Look up the term “fishing knots” on Google and you’ll be confronted with more than 50 million results.

But Australia’s best credentialled fishing coach, Ryan Moody, believes you don’t need to wade through all those references – you probably only need to know how to tie six basic knots.

He lists the essentials as the FG knot, the Perfection Loop, the Bimini Twist, the Paternoster dropper loop, the Blood knot and the Albright (including his own modified version of it with a leading ’ramp’ to let it run more smoothly), as the essentials.

And why does he just go with those? Because unlike others, he has 32 years as a combined formal fishing educationalist, champion game fisher, charter skipper, webinar tutor and marine electronics tutor.

There are solid, fact-based reasons for using particular knots. His is not a case of just selecting a way to attach a hook to a line. Instead, it’s a case of why to use a particular knot and the answer goes way beyond the over simplification of its effect on the line’s breaking strain.

That unrivalled bank of knowledge behind him is the reason he advocates strategies such as using a loop connection from your line to a shallow, hard bodied lure, rather than a snap swivel, when targeting large barra. A big barra can open a snap swivel when it slams its jaws shut on the lure, or when performing acrobatics under the water. Ryan calls it “barra boofing” – the fish’s efforts to chuck the lure.

Yes, you can get away with a snap swivel on the smaller, school sized barra, but you had better arm yourself with a Perfection Loop if you are going after the one metre bruisers. He’s watched them feed underwater and has seen how hard and fast they snap their bottom jaw. “If a snap swivel comes into contact with their jaws, they pop the sides of the snap swivel together and open them up very quickly. I’ve seen this happen on numerous occasions,” Ryan said.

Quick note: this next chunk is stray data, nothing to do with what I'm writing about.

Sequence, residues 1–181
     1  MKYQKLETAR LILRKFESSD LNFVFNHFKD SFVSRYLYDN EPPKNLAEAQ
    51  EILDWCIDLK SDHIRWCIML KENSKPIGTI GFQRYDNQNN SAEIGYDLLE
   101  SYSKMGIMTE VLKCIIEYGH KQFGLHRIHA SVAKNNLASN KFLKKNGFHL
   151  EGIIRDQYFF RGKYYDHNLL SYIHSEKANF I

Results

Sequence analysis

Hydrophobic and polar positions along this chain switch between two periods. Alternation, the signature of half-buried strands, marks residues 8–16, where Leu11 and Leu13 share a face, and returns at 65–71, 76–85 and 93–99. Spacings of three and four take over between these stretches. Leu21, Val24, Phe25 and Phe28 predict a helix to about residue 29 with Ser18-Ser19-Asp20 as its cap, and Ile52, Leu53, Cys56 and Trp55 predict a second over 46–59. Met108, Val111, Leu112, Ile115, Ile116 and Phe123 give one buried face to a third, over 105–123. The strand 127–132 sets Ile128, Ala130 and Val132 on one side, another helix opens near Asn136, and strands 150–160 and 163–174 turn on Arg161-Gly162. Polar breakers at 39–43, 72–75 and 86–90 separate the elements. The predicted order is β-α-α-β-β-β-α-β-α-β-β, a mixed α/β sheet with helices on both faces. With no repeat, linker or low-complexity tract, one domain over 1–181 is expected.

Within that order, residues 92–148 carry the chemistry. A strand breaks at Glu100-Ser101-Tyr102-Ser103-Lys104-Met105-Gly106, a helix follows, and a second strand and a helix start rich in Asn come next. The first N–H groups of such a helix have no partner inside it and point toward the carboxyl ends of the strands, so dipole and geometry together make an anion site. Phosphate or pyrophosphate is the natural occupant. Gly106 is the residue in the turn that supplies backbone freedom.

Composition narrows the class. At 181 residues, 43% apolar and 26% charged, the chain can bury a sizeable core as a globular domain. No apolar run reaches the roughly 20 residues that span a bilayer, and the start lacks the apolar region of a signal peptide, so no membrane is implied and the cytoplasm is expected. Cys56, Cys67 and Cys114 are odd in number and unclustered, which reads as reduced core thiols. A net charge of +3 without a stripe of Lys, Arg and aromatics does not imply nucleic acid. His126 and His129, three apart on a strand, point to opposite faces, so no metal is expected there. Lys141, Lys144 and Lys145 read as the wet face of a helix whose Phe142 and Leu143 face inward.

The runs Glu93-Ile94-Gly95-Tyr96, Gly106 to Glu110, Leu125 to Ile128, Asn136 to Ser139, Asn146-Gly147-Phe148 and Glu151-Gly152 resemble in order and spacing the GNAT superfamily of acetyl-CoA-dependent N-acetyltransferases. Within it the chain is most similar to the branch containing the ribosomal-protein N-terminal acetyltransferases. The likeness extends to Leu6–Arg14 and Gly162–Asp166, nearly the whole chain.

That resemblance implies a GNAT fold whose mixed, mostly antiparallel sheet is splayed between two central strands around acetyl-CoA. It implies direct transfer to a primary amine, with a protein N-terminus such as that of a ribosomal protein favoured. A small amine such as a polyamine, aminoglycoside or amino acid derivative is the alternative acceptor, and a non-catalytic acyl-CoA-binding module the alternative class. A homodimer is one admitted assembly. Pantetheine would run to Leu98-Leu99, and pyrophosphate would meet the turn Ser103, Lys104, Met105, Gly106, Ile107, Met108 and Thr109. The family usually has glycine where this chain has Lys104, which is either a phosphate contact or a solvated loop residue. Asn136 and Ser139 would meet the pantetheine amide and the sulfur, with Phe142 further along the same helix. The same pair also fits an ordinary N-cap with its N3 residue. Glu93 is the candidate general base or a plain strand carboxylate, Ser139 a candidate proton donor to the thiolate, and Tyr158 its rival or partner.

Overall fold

The FG knot provides­ a near-seamless way to join a leader to the main line which will pass easily through the guides on a fishing rod. And that also applies to those tiny, micro-guides on specialist jigging rods. This slimline knot is part of what constitutes a “wind-on leader”. It feeds through the guides on to the reel. It allows fisherfolk to retain a long leader that otherwise could not be wound on to the reel. That long leader is essential for species like coral trout, mangrove Jack and fingermark which run for cover causing abrasion to the lighter, main line as it flicks over sharp rocks and coral.

The FG is castable and it’s strong. It’s ideal for joining a mono leader to braid and it’s a “must have” in the serious angler’s armoury.

The Albright knot is an alternative to the FG knot in terms of being able to flow through rod guides. It binds a length of braid around a monofilament loop. Ryan’s version has a small build-up of line in front of the line proper. It eliminates the ‘leading edge’ that sometimes forms on the knot. Ryan advocates doing half a dozen wraps (which are hitches) of the braid in front of the mono to form a leading ‘ramp’.

The Bimini Twist is an essential part of game fishing, but is a knot that many fisherfolk could use in other applications as well. It has the fantastic advantage of being a ‘shock absorber’ knot, one that retains some elasticity to counter the shock of a heavy hit from a fish. That’s why it is so popular on game boats. The Bimini Twist can be a daunting knot for many people, but there’s no need for fear. In fact, most people can learn to tie it in around 20 seconds with a little practice, according to Ryan.

Similarly, the Paternoster or dropper loop often is thought of as a deep sea rig. But it also is a great knot for snaggy areas and land-based fishing from rock walls – yes, from rock walls.

Finally, there are various versions of the Blood knot. The basic one is used for tying mono to hooks, but the Double Blood knot is a great one for joining mono to mono. You do this when adding an extra ‘shot’ of line to your reel.

One of the keys to becoming very proficient with knot tying is to know where to put your fingers and when.

How do you hold the twists in a Bimini before locking it off? How do you keep the middle loop open in an Albright while doing approximately 10 wraps?

Ryan Moody Fishing has a series of videos explaining exactly that – detoxing the complexity of knot tying.

They’re free and you can access them via Ryan’s web site: www.ryanmoodyfishing.com